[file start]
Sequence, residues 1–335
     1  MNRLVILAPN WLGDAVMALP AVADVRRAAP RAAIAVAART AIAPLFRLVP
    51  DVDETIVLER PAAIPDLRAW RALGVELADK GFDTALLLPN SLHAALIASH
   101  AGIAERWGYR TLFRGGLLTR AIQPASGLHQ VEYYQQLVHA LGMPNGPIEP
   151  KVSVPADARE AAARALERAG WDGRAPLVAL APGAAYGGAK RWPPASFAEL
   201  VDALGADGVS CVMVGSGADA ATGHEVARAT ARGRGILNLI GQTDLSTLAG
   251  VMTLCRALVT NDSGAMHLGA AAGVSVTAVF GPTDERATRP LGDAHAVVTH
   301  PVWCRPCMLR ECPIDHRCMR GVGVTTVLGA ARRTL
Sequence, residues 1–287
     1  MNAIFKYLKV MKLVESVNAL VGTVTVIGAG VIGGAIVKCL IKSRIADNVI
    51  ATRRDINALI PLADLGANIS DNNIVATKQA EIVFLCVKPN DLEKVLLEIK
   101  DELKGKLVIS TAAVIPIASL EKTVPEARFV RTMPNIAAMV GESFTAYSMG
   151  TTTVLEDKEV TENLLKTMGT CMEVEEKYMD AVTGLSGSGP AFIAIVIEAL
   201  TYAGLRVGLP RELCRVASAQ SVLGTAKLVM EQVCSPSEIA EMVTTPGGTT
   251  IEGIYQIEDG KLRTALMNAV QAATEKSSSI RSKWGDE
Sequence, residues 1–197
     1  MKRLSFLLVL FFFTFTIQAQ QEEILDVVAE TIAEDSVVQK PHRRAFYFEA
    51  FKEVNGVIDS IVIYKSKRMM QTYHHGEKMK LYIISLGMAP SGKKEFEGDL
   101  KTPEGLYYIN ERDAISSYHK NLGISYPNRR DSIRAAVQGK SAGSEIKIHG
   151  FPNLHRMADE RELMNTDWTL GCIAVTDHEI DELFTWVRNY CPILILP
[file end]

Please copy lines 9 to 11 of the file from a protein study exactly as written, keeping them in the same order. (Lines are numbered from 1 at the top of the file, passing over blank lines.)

Sequence, residues 1–287
     1  MNAIFKYLKV MKLVESVNAL VGTVTVIGAG VIGGAIVKCL IKSRIADNVI
    51  ATRRDINALI PLADLGANIS DNNIVATKQA EIVFLCVKPN DLEKVLLEIK